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Finance with Monte Carlo

  • Ronald W. Shonkwiler

Table of contents

  1. Front Matter
    Pages i-xix
  2. Ronald W. Shonkwiler
    Pages 33-75
  3. Ronald W. Shonkwiler
    Pages 77-115
  4. Ronald W. Shonkwiler
    Pages 117-134
  5. Ronald W. Shonkwiler
    Pages 135-164
  6. Ronald W. Shonkwiler
    Pages 165-189
  7. Ronald W. Shonkwiler
    Pages 191-211
  8. Back Matter
    Pages 213-250

About this book

Introduction

This text introduces upper division undergraduate/beginning graduate students in mathematics, finance, or economics, to the core topics of a beginning course in finance/financial engineering. Particular emphasis is placed on exploiting the power of the Monte Carlo method to illustrate and explore financial principles. Monte Carlo is the uniquely appropriate tool for modeling the random factors that drive financial markets and simulating their implications.

The Monte Carlo method is introduced early and it is used in conjunction with the geometric Brownian motion model (GBM) to illustrate and analyze the topics covered in the remainder of the text. Placing focus on Monte Carlo methods allows for students to travel a short road from theory to practical applications.

Coverage includes investment science, mean-variance portfolio theory, option pricing principles, exotic options, option trading strategies, jump diffusion and exponential Lévy alternative models, and the Kelly criterion for maximizing investment growth.

Novel features:

  • inclusion of both portfolio theory and contingent claim analysis in a single text
  • pricing methodology for exotic options
  • expectation analysis of option trading strategies
  • pricing models that transcend the Black–Scholes framework
  • optimizing investment allocations
  • concepts thoroughly explored through numerous simulation exercises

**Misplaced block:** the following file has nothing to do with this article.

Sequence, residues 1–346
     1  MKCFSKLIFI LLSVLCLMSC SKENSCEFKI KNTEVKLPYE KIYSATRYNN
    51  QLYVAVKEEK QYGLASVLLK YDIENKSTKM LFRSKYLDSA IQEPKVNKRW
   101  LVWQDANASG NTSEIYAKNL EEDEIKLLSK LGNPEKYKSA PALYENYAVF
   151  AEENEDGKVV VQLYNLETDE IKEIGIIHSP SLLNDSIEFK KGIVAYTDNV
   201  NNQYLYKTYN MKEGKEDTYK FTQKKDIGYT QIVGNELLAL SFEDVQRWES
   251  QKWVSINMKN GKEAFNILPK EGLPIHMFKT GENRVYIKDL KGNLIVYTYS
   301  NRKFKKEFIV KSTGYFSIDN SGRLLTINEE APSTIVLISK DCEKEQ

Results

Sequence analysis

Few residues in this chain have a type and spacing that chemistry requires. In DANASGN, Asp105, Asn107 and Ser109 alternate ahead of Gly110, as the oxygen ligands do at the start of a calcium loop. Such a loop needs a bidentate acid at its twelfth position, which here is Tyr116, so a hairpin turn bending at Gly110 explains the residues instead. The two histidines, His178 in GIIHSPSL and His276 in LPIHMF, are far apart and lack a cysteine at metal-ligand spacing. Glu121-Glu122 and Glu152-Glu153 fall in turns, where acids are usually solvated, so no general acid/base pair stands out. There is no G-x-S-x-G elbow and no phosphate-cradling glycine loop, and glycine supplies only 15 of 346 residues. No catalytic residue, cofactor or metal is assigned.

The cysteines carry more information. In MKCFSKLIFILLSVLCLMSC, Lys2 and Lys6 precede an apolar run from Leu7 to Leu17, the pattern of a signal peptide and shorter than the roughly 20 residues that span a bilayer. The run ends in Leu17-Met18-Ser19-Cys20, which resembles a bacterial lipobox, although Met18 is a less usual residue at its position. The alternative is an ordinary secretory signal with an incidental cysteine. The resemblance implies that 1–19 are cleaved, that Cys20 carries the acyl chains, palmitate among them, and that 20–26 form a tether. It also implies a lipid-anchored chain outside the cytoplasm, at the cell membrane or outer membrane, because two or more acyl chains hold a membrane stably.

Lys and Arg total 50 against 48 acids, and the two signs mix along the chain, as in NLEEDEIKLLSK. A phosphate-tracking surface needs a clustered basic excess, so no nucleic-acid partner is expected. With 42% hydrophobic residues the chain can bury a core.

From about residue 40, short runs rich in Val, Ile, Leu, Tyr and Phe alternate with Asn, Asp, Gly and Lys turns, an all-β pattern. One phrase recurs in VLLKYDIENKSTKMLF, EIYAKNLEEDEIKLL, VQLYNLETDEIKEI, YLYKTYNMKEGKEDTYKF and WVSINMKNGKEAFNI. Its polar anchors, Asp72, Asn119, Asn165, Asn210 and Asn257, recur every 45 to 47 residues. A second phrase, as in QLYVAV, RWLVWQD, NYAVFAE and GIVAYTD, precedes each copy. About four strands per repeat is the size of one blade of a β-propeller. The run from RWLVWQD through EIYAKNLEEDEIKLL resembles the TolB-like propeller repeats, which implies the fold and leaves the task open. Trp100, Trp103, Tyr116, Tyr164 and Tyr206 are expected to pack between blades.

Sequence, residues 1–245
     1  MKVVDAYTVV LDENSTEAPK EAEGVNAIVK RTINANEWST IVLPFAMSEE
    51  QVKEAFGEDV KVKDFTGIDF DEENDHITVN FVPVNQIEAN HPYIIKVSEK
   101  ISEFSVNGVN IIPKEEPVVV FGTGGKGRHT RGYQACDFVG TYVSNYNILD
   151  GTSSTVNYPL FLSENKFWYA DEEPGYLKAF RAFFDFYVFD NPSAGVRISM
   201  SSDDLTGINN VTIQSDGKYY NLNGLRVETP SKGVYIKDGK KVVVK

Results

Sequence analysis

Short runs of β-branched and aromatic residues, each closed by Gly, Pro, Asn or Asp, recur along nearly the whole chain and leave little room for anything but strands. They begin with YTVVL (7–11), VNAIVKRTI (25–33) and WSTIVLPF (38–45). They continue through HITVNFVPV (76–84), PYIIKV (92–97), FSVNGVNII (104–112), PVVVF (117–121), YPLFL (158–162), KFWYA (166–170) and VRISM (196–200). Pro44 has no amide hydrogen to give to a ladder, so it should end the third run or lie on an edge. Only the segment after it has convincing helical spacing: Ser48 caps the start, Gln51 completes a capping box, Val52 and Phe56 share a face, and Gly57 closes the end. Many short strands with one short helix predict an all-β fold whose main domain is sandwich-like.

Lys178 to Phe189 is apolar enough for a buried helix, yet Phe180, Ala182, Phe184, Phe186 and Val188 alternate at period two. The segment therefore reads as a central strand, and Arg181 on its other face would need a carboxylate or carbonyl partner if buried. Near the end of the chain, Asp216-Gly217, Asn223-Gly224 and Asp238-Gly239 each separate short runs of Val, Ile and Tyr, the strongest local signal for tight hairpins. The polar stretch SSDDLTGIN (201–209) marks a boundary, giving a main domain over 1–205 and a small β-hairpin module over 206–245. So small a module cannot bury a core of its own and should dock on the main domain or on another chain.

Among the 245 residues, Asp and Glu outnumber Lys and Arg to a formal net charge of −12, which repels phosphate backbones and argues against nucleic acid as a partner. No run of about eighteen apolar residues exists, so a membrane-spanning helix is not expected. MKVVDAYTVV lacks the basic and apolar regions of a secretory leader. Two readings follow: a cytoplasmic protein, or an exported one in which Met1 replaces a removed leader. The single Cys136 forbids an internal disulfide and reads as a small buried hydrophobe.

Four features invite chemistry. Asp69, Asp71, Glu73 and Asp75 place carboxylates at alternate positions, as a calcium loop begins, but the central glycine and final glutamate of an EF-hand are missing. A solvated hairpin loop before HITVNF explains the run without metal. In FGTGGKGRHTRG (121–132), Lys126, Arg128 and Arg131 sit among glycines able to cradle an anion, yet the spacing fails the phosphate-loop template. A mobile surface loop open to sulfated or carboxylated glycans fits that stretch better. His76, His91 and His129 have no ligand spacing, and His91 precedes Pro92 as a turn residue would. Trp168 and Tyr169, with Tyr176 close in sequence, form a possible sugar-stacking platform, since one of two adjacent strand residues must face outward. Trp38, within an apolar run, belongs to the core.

• numerous worked examples and illustrations

The mathematical background required is a year and one-half course in calculus, matrix algebra covering solutions of linear systems, and a knowledge of probability including expectation, densities and the normal distribution. A refresher for these topics is presented in the Appendices. The programming background needed is how to code branching, loops and subroutines in some mathematical or general purpose language.

The mathematical background required is a year and one-half course in calculus, matrix algebra covering solutions of linear systems, and a knowledge of probability including expectation, densities and the normal distribution. A refresher for these topics is presented in the Appendices. The programming background needed is how to code branching, loops and subroutines in some mathematical or general purpose language.

Also by the author: (with F. Mendivil) Explorations in Monte Carlo, ©2009, ISBN: 978-0-387-87836-2; (with J. Herod) Mathematical Biology: An Introduction with Maple and Matlab, Second edition, ©2009, ISBN: 978-0-387-70983-3.

Keywords

Geometric Brownian Motion (GBM) Kelly's criterion Monte Carlo method Monte Carlo method in finance alternative GBM prices introductory finance text mathematical finance text pricing exotic options probability in finance quantitative finance text shell sort stochastic calculus stochastic methods in finance

Authors and affiliations

  • Ronald W. Shonkwiler
    • 1
  1. 1.School of MathematicsGeorgia Institute of TechnologyAtlantaUSA

Bibliographic information

  • DOI https://doi.org/10.1007/978-1-4614-8511-7
  • Copyright Information Springer Science+Business Media New York 2013
  • Publisher Name Springer, New York, NY
  • eBook Packages Mathematics and Statistics
  • Print ISBN 978-1-4614-8510-0
  • Online ISBN 978-1-4614-8511-7
  • Series Print ISSN 1867-5506
  • Series Online ISSN 1867-5514
  • Buy this book on publisher's site
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